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Coordination at the Research Institute of Wildlife Ecology/Vetmeduni Vienna: Dr. Friederike Pohlin

Red deer have to contend with numerous challenges in a cultural landscape shaped by humans. Well-coordinated red deer management is therefore required in order to be able to conserve this wild species in cultural landscapes in a sustainable and low-conflict manner. Based on a preliminary study, scientists have been able to show for the first time that telemetric movement data of wild red deer can apparently be described by a mathematical law, the Benford law. It is now known in economics that many data sets (e.g. digital tax audit, logbooks) follow the Benford law.

The aim of the present project, which is coordinated by the University of Natural Resources and Applied Life Sciences Vienna, is to examine telemetric data from tagged red deer in three game enclosures of different sizes (130 ha, 328 ha, 1100 ha) and to compare them with an existing data set of wild red deer. Specifically, the following research question will be answered. "Are there differences in the frequency of the leading digits in telemetric datasets between wild red deer and red deer whose spatial use is restricted to a certain area (enclosure)?"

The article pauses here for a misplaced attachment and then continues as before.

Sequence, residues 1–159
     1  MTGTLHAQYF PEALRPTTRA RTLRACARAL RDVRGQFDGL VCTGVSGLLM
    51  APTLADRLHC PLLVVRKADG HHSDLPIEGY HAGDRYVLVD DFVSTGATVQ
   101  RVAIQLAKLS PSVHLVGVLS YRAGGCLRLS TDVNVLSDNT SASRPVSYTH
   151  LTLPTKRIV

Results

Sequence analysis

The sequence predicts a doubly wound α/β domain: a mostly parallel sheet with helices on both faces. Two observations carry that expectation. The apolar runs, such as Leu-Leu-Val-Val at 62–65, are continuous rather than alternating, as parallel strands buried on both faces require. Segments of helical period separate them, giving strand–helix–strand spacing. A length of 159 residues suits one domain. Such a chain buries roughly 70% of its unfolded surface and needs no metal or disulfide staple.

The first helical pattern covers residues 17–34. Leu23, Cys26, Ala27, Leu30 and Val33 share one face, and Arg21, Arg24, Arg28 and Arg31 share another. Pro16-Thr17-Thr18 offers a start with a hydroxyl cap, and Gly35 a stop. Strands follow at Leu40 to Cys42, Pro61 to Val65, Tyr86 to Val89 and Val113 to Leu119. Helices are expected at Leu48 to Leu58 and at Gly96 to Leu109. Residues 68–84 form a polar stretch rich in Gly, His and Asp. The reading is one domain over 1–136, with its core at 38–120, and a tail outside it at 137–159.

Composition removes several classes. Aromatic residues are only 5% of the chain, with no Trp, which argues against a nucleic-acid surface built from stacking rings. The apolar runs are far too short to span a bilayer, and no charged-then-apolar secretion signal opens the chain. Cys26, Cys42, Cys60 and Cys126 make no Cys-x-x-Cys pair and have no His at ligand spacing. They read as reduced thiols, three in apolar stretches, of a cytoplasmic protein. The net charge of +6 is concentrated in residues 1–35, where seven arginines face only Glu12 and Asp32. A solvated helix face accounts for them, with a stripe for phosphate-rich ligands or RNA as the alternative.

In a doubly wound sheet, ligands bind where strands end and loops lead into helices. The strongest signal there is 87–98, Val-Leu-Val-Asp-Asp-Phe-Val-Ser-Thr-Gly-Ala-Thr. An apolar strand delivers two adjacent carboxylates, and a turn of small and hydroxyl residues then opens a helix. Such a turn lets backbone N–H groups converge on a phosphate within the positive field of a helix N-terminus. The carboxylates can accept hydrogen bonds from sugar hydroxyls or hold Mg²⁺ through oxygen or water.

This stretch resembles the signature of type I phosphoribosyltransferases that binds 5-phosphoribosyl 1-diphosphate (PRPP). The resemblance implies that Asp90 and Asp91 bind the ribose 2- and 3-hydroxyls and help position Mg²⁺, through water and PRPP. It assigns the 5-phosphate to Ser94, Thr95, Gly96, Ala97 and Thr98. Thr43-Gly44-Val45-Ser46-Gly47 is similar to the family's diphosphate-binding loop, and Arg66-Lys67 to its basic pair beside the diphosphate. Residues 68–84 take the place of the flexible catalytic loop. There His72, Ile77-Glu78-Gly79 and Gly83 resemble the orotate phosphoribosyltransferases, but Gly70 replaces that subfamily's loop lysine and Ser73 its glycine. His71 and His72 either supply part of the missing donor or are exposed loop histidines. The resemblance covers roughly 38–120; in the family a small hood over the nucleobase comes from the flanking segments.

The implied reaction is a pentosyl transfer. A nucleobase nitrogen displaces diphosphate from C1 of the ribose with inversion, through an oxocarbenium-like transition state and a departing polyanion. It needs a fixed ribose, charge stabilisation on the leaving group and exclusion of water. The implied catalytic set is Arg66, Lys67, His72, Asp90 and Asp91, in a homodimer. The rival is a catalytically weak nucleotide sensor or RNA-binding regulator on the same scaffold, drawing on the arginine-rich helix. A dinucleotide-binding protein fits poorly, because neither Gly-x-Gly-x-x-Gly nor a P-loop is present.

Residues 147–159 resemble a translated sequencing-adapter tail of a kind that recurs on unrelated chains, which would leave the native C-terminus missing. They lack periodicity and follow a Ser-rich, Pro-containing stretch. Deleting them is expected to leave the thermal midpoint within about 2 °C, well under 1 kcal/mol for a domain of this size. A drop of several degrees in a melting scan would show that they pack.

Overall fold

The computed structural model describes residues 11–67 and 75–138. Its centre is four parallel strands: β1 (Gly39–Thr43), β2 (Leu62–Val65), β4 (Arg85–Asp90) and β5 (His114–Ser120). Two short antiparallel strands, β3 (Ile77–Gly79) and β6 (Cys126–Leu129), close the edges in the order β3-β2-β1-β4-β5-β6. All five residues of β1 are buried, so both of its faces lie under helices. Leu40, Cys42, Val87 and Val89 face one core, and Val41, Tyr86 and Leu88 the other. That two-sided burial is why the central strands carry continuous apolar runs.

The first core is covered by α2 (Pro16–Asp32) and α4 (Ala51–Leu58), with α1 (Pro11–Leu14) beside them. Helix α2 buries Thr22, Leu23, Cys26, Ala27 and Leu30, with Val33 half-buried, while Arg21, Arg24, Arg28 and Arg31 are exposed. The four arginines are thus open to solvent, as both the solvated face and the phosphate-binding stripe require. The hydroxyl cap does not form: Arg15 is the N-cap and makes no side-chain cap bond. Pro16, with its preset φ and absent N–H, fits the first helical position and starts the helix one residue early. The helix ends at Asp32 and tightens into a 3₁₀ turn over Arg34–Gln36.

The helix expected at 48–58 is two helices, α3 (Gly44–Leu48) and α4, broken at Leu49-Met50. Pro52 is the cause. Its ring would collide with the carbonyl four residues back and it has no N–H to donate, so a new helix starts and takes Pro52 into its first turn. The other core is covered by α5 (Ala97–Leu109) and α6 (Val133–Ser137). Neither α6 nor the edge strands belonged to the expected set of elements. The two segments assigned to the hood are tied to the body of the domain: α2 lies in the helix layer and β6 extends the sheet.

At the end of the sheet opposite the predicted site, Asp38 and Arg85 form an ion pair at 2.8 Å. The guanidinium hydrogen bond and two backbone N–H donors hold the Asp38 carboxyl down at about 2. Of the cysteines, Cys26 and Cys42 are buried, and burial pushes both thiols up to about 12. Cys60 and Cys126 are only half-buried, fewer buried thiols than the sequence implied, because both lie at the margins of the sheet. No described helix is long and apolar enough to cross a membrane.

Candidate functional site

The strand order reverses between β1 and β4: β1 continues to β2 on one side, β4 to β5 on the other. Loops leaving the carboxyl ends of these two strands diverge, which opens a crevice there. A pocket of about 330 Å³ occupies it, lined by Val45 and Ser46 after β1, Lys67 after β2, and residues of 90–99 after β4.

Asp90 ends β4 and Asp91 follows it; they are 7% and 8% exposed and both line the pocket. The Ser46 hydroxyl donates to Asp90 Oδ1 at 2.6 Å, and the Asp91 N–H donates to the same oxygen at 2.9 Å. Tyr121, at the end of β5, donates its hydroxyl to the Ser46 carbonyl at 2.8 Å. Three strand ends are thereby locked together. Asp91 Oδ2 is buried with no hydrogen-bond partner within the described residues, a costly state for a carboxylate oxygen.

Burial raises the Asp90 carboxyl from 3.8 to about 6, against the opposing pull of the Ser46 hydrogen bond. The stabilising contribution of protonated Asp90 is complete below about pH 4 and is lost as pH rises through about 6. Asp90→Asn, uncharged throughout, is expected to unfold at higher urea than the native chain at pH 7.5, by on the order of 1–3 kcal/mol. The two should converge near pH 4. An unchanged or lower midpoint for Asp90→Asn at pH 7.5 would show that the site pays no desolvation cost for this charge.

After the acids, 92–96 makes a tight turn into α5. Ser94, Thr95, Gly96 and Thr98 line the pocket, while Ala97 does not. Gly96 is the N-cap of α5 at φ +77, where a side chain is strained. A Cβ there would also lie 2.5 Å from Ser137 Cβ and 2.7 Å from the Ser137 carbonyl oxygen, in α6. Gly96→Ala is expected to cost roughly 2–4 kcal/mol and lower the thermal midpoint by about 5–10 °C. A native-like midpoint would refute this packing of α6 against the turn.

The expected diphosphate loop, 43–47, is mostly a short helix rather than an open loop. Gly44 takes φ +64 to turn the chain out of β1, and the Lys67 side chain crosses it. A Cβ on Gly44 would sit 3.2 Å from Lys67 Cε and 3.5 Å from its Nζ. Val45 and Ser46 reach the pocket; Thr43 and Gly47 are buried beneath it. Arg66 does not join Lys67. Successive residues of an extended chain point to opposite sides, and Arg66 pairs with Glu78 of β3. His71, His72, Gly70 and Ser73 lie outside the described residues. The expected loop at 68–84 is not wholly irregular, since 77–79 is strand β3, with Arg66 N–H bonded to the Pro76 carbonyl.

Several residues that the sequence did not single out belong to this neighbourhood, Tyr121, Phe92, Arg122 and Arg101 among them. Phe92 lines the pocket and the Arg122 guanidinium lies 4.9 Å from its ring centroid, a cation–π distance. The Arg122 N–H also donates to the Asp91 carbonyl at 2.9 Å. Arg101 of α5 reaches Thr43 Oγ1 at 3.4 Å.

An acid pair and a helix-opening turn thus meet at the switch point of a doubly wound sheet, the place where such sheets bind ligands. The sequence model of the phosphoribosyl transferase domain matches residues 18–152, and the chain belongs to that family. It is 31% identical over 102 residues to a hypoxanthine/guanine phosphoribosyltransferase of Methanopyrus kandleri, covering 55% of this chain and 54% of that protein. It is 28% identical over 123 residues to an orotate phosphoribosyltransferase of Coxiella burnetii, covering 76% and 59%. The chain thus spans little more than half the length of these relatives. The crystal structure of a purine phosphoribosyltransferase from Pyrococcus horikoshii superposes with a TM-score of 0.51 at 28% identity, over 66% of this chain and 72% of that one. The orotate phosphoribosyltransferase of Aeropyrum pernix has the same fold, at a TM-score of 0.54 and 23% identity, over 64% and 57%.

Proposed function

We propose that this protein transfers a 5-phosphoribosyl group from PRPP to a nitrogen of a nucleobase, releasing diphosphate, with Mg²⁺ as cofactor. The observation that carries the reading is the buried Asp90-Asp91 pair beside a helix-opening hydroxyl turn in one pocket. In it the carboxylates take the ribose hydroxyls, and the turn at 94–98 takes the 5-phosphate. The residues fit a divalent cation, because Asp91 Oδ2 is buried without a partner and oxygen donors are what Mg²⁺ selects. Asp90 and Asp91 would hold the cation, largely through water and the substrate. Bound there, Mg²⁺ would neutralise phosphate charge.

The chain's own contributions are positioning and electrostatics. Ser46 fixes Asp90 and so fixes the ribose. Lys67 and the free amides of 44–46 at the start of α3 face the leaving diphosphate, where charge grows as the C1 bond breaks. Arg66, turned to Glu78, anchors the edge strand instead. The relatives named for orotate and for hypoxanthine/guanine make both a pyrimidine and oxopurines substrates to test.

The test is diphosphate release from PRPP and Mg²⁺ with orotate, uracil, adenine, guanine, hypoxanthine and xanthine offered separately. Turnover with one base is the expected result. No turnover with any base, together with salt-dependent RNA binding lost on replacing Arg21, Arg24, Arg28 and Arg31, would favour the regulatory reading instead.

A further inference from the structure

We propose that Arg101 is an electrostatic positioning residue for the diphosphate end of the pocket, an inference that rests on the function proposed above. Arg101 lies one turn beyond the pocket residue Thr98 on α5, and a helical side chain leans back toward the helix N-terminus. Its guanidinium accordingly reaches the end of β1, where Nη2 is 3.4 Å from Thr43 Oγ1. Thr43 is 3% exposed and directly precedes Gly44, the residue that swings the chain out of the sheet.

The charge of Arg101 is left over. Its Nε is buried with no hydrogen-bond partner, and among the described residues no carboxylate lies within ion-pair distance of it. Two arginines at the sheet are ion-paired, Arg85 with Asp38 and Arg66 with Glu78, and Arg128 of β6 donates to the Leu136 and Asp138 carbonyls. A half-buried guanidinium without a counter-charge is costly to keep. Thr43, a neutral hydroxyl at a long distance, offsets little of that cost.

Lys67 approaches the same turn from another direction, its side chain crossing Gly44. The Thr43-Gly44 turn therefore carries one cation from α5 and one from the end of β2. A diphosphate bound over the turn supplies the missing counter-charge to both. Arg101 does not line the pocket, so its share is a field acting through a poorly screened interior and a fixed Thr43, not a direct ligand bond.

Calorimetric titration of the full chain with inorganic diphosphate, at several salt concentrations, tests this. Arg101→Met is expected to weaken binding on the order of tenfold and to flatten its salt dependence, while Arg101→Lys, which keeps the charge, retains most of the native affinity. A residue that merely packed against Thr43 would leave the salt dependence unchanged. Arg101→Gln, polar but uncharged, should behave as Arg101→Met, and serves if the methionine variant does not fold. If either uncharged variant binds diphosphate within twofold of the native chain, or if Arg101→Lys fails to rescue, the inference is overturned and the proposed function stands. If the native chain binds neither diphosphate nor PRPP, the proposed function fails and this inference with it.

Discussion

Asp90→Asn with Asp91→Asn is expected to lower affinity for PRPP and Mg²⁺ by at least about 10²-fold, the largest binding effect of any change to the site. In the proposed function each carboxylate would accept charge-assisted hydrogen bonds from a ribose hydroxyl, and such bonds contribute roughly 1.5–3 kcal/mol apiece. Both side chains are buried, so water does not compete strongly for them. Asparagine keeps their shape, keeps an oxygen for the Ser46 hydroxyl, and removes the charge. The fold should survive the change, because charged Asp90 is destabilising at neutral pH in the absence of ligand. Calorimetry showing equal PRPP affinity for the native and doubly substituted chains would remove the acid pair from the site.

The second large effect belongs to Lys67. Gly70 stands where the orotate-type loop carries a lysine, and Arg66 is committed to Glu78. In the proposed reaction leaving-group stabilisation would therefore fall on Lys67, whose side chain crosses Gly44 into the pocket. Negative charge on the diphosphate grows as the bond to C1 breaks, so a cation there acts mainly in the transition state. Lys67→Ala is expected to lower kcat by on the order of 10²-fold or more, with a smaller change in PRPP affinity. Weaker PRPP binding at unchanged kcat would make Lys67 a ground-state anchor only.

BOKU Project page


Overall coordination

Paul Griesberger, MSc.
University of Natural Resources and Applied Life Sciences Vienna (BOKU), Vienna, Austria

Further staff at FIWI:

Dr. Gabrielle Stalder, Dr. Johanna Painer-Gigler, Dr. Hanna Rauch


01 April 22-15 June 23

Financed by University of Natural Resources and Applied Life Sciences